Area rivers enjoy good health; but RiverWatch group continues vigilance
ADDISON COUNTY — Record rainfall this spring and summer has swelled area waterways but has not swept in appreciably higher levels of bacteria or phosphorous, according to preliminary testing results compiled by the Addison County Riverwatch Collaborative (ACRC).
“The plethora of water doesn’t seem to have changed things that much,” said Matt Witten, coordinator of the ACRC, an organization that monitors rivers (and many of their tributaries) in Addison County, including the Lemon Fair River, Otter Creek, Middlebury Rover, Little Otter Creek, Lewis Creek and New Haven River. Once every month, from April to September, around 20 ACRC volunteers collect water samples from approximately 30 sites along these waterways. The state of Vermont then analyzes the samples for phosphorous, nitrogen, turbidity, pathogens and other elements that can undermine the health of rivers and the people who use them.
While one might suspect the high river levels and soaking rains have ushered in more agricultural runoff and E. coli bacteria from animal waste, ACRC tests aren’t showing such evidence — at least not yet. Witten acknowledged that the rainfall probably produced an initial “pulse” of pollutants, but they were apparently quickly absorbed within the water.
“If anything, in June, (the rainfall) diluted things,” he said. “The readings were lower.”
But the ACRC will remain vigilant and diligent in its testing, something it has been doing since 1997 in association with area communities, environmental groups and watershed organizations. The Vermont Department of Conservation Lab processes batches of approximately 30 samples the volunteers collect each month, while the Addison County Regional Planning Commission provides meetings space and other services. Ferrisburgh, Lincoln, New Haven, Starksboro, Bristol, Vergennes and Salisbury residents have provided financial support for the ACRC’s activities.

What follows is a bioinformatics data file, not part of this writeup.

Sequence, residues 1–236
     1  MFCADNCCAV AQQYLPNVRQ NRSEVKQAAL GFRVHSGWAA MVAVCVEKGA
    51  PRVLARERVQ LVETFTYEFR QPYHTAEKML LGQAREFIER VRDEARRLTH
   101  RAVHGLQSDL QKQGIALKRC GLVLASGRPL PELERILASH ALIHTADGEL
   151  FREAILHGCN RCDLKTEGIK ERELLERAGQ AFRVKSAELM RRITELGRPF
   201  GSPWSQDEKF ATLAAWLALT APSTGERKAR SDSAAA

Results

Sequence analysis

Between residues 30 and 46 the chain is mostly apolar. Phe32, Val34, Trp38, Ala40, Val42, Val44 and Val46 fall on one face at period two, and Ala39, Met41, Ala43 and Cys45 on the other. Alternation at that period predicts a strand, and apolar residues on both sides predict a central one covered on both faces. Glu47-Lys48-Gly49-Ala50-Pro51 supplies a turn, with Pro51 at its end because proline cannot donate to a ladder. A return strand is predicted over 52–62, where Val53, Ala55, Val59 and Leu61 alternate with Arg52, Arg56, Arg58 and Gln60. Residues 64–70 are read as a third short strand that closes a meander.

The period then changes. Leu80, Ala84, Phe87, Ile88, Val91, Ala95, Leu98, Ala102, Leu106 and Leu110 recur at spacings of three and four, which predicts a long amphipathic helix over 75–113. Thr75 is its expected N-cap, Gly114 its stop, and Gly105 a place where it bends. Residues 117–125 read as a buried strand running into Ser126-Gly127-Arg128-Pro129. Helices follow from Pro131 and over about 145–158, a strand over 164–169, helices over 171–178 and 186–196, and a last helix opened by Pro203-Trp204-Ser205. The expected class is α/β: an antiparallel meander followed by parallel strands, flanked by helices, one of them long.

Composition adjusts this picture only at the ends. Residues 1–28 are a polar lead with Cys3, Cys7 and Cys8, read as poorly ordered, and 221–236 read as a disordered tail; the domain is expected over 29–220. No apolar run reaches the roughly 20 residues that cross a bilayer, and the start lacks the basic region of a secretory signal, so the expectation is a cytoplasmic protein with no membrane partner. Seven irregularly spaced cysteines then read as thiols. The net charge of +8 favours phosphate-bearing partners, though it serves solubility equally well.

While the recent preliminary test results are good, Witten noted some “trouble” spots. One is in Lewis Creek, near the Tyler Bridge in Monkton, where E. coli levels were recently measured at around 2,000 organisms per 100 milliliters. The Vermont Department of Health’s newly revised safety standard for swimming is 235 organisms per 100 milliliters.
Also of concern is a recent reading of 344 organisms per 100 milliliters at the Seeley swimming hole off Shard Villa Road.
Heidi Willis, ACRC board president, said a better picture of the health of the county’s rivers will be known before Town Meeting Day 2014, when all of the sampling reports are codified in a final report that should be completed by next February.
In the meantime, the groups and its volunteers will continue to gather samples and work to reverse plans by the U.S. Geological Survey to remove 16 of its stream gauges in the Lake Champlain Basin. Those gauges help measure the flow of waterways within the Champlain Valley. The ACRC is particularly concerned about the scheduled removal by Sept. 30 of gauges on the Little Otter Creek, Lewis Creek, New Haven River and LaPlatte River.
“Stream flow information is essential for analyzing overall water quality as well as for understanding and tracking floods,” Witten said. “These gauges have provided that type of information on a continual basis. Addison County Riverwatch Collaborative, as well as several other partners including Trout Unlimited, are very concerned that would be shooting ourselves in the foot by taking away these most basic and reliable sources of river data.”
The collaborative is also looking for a coordinator to lead sampling for the Lower Otter Creek and Little Otter Creek in the Vergennes-Ferrisburgh area. Anyone interested in taking up that task should contact Witten at 434-3236, or at [email protected].
Reporter John Flowers is at [email protected].
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